Monkeypox poses ‘moderate risk’ to public health, WHO says

 Monkeypox poses ‘moderate risk’ to public health, WHO says


TThe ongoing outbreak of monkeypox currently poses a moderate risk to global public health, the World Health Organization said on Sunday in a statement that despite raising the specter of the virus that has become entrenched as a pathogen that has spread from person to person.

The WHO says 23 countries reported a total of 257 confirmed cases and an estimated 120 suspected cases investigated on May 26-a rapid aggregation of cases in a no known outbreak was first seen earlier this month. To date most cases have been diagnosed in Europe and North America. The United States noticed 12 cases on Friday.

“Today, the overall public health risk of [a] The global level is assessed as moderate considering that this is the first time that cases of monkeypox and measles have been reported simultaneously in many different geographical areas by WHO, ”according to the world health agency.

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“The public health risk can be high if this virus takes advantage of the opportunity to establish itself as a human pathogen and spreads to groups with a higher risk of serious illness such as children and immunosuppressed people. , ”the statement said, announcing that since smallpox vaccination stopped more than 40 years ago, an ever-growing portion of the worldwide population has been vulnerable to the monkeypox virus.

Monkeypox is an orthopoxvirus, a family that includes the now extinct smallpox virus; Vaccines and medications designed to prevent or treat monkeypox are expected to provide some protection against monkeypox. Monkeypox causes more mild illness than good – the latter kills about 30% of cases. The monkeypox mortality rate is estimated to be between 1% and 10%, with the viruses responsible for the current outbreak, from the West African clade, being related to the mortality rate at the lower end of that spectrum. .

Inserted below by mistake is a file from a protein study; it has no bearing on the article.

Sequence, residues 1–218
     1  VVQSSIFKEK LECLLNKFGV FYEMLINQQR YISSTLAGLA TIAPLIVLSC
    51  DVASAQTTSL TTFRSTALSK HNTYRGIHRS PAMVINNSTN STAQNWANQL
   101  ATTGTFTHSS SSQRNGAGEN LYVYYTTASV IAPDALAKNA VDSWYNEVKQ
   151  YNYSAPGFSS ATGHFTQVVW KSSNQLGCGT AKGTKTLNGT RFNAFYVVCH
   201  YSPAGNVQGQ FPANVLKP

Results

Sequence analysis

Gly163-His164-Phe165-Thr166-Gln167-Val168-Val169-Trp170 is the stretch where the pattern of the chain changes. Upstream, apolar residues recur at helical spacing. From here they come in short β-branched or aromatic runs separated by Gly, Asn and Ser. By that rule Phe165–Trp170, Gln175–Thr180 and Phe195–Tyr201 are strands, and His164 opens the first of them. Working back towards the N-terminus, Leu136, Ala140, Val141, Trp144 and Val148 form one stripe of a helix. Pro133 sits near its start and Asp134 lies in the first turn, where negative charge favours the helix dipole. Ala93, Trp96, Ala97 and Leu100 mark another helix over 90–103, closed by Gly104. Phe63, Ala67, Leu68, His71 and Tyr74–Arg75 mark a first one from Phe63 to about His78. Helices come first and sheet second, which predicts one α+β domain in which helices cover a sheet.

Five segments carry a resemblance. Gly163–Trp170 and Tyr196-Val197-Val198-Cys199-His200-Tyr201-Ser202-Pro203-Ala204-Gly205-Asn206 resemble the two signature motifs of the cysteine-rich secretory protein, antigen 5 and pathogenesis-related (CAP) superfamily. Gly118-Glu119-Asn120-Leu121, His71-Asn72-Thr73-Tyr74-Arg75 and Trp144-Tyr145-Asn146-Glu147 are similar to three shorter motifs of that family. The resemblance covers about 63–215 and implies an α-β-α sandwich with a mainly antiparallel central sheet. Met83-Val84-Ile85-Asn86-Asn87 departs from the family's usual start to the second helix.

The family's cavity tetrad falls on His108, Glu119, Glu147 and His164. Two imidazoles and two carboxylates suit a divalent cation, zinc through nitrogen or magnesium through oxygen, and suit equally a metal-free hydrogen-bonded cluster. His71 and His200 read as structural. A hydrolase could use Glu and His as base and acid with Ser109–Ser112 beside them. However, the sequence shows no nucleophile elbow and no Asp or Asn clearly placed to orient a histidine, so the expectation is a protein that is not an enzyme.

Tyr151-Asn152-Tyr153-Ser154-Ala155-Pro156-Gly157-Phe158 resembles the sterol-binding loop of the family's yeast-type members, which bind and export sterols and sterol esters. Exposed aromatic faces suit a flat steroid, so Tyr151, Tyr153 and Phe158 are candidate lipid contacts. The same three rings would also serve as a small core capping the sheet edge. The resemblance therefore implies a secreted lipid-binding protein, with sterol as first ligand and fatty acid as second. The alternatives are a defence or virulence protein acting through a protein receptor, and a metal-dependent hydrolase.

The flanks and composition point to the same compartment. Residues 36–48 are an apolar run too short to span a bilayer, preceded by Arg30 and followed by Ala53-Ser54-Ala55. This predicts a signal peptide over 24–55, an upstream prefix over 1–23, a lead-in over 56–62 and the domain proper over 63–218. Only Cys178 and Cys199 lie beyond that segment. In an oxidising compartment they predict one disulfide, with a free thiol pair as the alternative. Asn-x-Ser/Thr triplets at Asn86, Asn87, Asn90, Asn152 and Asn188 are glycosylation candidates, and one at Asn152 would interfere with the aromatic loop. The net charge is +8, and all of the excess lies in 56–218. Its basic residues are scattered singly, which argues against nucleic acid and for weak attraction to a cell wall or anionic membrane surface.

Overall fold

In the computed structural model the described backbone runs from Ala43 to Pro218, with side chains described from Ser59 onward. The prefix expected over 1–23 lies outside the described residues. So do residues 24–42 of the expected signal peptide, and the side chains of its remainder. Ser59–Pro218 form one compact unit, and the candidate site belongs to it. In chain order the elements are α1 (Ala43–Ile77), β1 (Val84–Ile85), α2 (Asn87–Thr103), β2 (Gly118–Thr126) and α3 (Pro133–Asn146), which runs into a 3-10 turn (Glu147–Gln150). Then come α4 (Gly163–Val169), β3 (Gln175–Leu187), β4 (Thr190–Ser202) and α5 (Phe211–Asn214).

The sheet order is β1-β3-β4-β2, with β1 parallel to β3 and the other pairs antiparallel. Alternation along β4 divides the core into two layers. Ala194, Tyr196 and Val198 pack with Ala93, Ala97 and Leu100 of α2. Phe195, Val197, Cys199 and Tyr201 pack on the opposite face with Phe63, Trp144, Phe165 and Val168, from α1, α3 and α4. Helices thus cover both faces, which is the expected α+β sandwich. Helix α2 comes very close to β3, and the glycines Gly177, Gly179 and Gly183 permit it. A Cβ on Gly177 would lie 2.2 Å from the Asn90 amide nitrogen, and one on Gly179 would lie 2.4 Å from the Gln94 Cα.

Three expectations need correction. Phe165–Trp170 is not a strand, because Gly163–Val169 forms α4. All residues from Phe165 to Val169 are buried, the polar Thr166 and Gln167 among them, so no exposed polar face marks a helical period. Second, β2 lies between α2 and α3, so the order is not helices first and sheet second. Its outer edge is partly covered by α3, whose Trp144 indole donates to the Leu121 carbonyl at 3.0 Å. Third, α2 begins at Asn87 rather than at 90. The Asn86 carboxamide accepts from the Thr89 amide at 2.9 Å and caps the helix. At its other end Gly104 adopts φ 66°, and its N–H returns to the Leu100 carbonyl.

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Most cases of this outbreak are found in men who have sex with men. And while the WHO is asking countries to look for missing cases if they track down contact, most of the cases reported are active, meaning they have symptoms now, Maria Van Kerkhove, leading the progress diseases and zoonoses unit of WHO’s Health Emergency Program, according to STAT.

The WHO says that the current risk to individuals in the general public appears to be low, but it may not remain that way; “Immediate action is needed from countries to control the further spread of at-risk groups, prevent the spread to the general population and prevent the establishment of monkeypox as a clinical condition and health problem. to the public in today’s non -endemic countries. “

Monkeypox is considered endemic in nature – although the true host or host animal is not yet known – in nearly 12 countries in West and Central Africa.

No deaths have been reported in the current outbreak to date. And in fact, many of the infected people report “relatively mild” symptoms, with swollen lymph nodes and sores especially in the mouth, or in or around the genitals or anus, the statement said. in the WHO. The lack of more severe disease may mean that some affected people do not seek medical care, which would contribute to lowering the scale of the epidemic and hamper efforts to prevent it.

The WHO also recommends health workers unfamiliar with monkeypox may not be aware of what they see when an affected person comes in for care. “Because of the different conditions that cause skin rashes and because the clinical presentation can often be atypical in this outbreak, it can be challenging to differentiate monkeypox based solely on clinical presentation, especially in cases with atypical presentation, “it said.

It is clear from the scale of the epidemic that the virus transmits have not been known for a long time, and it is likely to be much larger than is currently recognized. “[T]its sudden appearance and wide geographical coverage of many sporadic cases indicate that widespread after-to-after transmission has already begun, and the virus may be circulating undetected for several weeks or longer, ”According to the agency.

The WHO case definition for possible cases suggests that health providers consider people with symptoms from March 15 onwards as possible cases of monkeypox, suggesting that it believes the virus may be transmitted without notice at least in the long run.

The agency suggested that countries should focus on disseminating accurate information about monkeypox to the groups currently at highest risk, and stopping further spread among them. It also said countries should work to protect workers going forward, saying health workers are at risk of contracting the virus if they do not use appropriate protective equipment.





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